Tool sterilization 10, 12

      Always sterilize tools and glove covered hands by dipping in a 10% solution of bleach with a 5.25-6% NaOCl concentration (change frequently, minimally every 2 hours) or 2% Virkon S between each plant.10 Disinfection is immediate, no tool soaking is required. It is recommended to dry tools and hands before handling plants as the chemicals may damage plant tissue. Sap residue must be removed from tools as it can harbor infectious virus, even after a dip. These treatments also prevent transmission of Tobacco mosaic virus, Pepino mosaic virus, and Potato spindle tuber viroid.10
      Minimally tools and hands should be sterilized in between varieties to help reduce the chance of the entire crop becoming infected.
      String used for trellising tomatoes should not be reused. If wire must be used again, sterilize it by completely submerging in a 5% solution of trisodium phosphate (Na3PO4) for 10 minutes, or 0.1% caustic soda (also called lye and sodium hydroxide with a chemical formula of NaOH) for 10 minutes, or use dry heat of 266° F (130° C) for 15 minutes.12

Resistance 11

      Resistant tomato varieties could be selected for use in the following years if ToMV has been diagnosed-however there have been resistant breaking ToMV strains identified that can cause symptoms in tomatoes containing resistance genes.11 ToMV and Tobacco mosaic virus (TMV) have different resistance genes so it is best to obtain a diagnosis to the species level to make choosing resistant tomato varieties effective. There have been no large trials to test the resistance claims that are made for tomato varieties but Cornell University has one of the most complete disease resistance charts click here to follow the link to their page for varieties currently on the market that can be used to choose resistant varieties.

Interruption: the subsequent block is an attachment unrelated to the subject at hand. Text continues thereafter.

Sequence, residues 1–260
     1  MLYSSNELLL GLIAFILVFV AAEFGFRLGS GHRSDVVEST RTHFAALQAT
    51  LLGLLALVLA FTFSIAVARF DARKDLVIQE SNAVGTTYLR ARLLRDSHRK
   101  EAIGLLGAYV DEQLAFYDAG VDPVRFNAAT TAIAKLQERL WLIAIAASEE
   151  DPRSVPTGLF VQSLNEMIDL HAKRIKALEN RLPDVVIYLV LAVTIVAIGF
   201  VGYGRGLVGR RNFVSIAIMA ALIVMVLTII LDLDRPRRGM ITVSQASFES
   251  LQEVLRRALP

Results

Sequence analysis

Resistant tomato varieties in many cases can still be infected by and allow the reproduction of (and an increase in concentration) of both ToMV and TMV but do not show symptoms.


      Herbicide damage can also resemble virus symptoms but some diagnostic laboratories can test for common herbicides-consult them for specific sampling and shipping details.
      Other viruses and viroids can also cause similar symptoms to ToMV but have different management methods. Testing and identification of the agent causing symptoms will allow for effective management solutions to be taken to reduce damage in the current growing season and the following ones as well.

Reference to commercial products or trade names is made with the understanding that no discrimination is intended of those not mentioned and no endorsement is implied for those mentioned.

This work was supported by the USDA National Institute of Food and Agriculture AFRI ELI Post-doctoral fellowship project award#: 2017-67012-26090.

This article was written for that project to inform and educate tomato growers on how to recognize, detect, and manage Tomato mosaic virus in tomatoes.

All photos taken by Sara Bratsch. For non commercial use only.

Please contact regarding all other uses including but not limited to: data for computational algorithms, books, pamphlets, articles, apps, websites, etc.

Cite this article:

Bratsch, Sara. 2017. "Tomato mosaic virus in tomatoes". Web article. (date accessed).